Hollywood’s First Teenage Spider-Man Swings Into Our Hearts

  |  Topic: Entertainment, Media Analysis, Movies, Opinion
Written By: Khalil Shipman
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The locally shot “Spider-Man: Homecoming” releases  July 7 as the fifth live-action Spider-Man movie and the sixth big-screen iteration of the character. What’s groundbreaking about the July release is not only a new suit, supporting cast and leading actor to boot, but for once in more than a decade of Spider-Man movies, Peter Parker is played by an actual teenager.

Tom Holland, of “The Impossible” and “Captain America:Civil War” acclaim, was only 18 when he landed the role of the friendly neighborhood high-schooler. With “Captain America: Civil War,” Holland’s Spider-Man entered the grayscale landscape of the Marvel Cinematic Universe in 2016 as the wall-crawling, super-strong teenager who nearly turned down the chance to fight alongside Iron Man because he “had homework” to do.

While two trailers have kept fans and critics alike buzzing for “Homecoming,” some still wonder why this is the third Spider-Man we’ve seen in just 15 years. Well, most of the onus falls upon Sony, who controls how the character is portrayed on film. The rest is on Marvel studios, which, after 18 years with no hands on Spider-Man, just recently regained creative control of their amazing, spectacular, superior Spider-Man.

The Incredible Hulk of 1991, inexplicably paired with a machine gun.
The Incredible Hulk of 1991, inexplicably paired with a machine gun.

The feature film rights of the character (and those closely associated with him) were sold to Sony in 1999 for $7 million. This was due to a harrowing drop in Marvel’s comic-book sales during the 1990s (maybe it was all the pouches on characters back then, maybe it was how extreme with a capital E-X-T-R-E-M-E they were (inexplicably, they gave the Hulk a machine gun), or maybe it was just all the mullets. . . who knows?).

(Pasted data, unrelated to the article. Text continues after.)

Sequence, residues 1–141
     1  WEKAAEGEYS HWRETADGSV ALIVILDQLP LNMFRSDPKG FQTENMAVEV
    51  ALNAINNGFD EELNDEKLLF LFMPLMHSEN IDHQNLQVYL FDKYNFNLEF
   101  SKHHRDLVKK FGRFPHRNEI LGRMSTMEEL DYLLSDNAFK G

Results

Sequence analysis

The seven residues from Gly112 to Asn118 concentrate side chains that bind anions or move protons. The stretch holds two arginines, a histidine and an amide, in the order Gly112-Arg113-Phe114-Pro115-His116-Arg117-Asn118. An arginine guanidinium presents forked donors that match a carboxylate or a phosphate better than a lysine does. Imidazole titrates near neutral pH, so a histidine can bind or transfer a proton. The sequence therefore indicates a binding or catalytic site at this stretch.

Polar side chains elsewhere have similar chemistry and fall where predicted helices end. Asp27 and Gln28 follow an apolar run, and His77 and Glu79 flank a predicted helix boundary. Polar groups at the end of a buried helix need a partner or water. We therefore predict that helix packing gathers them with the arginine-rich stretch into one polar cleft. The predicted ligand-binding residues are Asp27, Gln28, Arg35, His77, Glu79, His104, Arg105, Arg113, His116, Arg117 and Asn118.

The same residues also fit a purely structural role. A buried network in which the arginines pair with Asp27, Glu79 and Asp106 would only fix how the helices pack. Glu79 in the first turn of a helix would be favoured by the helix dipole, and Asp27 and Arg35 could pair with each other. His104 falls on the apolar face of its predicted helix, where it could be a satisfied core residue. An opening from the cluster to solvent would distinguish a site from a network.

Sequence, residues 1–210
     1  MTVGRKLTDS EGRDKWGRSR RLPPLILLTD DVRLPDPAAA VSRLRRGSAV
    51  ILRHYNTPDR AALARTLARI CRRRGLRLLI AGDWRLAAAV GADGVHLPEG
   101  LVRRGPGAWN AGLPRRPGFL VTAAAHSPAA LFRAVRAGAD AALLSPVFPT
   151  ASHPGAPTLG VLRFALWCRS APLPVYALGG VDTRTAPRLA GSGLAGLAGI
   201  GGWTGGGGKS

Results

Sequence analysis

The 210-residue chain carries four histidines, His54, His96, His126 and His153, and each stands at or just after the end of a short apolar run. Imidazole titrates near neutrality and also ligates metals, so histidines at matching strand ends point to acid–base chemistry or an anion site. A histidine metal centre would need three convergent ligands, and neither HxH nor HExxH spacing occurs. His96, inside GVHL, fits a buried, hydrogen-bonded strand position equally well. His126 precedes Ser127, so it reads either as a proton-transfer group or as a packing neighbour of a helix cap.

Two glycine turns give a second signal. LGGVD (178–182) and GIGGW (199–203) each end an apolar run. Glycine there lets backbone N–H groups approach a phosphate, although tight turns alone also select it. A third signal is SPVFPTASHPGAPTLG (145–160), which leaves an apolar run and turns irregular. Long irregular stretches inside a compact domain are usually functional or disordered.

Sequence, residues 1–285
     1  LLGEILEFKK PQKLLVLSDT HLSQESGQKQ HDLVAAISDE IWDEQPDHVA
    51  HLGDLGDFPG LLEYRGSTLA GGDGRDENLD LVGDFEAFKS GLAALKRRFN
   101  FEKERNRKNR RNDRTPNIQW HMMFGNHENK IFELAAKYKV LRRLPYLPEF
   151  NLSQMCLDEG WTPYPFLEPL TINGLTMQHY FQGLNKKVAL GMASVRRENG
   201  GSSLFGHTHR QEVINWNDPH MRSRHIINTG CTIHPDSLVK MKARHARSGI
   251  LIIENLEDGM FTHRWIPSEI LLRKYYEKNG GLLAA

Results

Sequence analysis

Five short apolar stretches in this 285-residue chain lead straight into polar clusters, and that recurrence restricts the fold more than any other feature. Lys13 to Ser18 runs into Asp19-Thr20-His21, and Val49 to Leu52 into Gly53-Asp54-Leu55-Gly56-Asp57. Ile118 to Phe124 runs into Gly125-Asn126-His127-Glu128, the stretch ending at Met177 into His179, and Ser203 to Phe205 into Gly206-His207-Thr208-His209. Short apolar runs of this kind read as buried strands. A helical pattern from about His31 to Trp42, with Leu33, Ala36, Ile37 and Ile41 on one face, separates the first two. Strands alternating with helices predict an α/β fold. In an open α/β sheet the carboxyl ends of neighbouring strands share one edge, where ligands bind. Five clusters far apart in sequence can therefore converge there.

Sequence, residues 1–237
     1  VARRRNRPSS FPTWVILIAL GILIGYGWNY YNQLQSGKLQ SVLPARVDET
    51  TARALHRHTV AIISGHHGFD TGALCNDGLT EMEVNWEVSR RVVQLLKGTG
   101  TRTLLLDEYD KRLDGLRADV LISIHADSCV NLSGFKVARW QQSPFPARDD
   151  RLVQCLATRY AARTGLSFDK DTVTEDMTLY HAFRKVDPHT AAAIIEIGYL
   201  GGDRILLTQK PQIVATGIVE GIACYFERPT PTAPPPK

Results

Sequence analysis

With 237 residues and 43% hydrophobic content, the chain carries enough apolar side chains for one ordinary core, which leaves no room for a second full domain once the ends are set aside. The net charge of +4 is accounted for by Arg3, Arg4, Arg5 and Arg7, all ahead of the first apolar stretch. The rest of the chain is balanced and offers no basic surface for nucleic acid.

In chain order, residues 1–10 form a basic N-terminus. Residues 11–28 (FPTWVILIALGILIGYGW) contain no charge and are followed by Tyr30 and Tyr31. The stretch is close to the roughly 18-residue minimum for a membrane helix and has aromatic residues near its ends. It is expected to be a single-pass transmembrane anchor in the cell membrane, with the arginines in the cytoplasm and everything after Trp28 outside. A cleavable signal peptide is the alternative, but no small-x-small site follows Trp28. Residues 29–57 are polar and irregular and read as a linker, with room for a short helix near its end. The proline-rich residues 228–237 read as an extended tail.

Either way, in order to pull themselves from the brink of near financial destruction, Marvel sold the film rights to such popular characters as Daredevil, The Fantastic Four and The X-Men (along with their never ending cast of associated characters) to various studios, including Sony.

So, in order to cash in on their investment, Sony released “Spiderman” in 2002, as the first individual superhero movie for the modern era. The film starred Tobey Maguire as the titular character and was directed by horror master Sam Raimi, best known for his work on “The Evil Dead.” The film was released to rave reviews from fans and critics alike. Praised for its fast action, comedic wit and earnest portrayal of the character, the movie was a success, grossing over $400 million  and kickstarting the comic book movie industry as we know it today. In the time between the release of the first and second Spider-Man movies, a slew of comic based films were released with many dozens more on the way. The  X-Men, The Hulk, The Punisher and Hellboy all arrived in theaters as the comic book movie craze kicked off.

While the comic book film industry continued to boom, however, the Spider-Man franchise hit its first bump: “Spider-Man 3.” Suffering from an oversaturation of villains, phoned-in performances and the infamous emo Peter Parker, “Spider-Man 3” (complete with a black spider suit), quickly became the trash talk of the comic book community and the lowest grossing Spider-Man film until 2014.

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Tobey Maguire [left] and Andrew Garfield [right] as Spider-Man.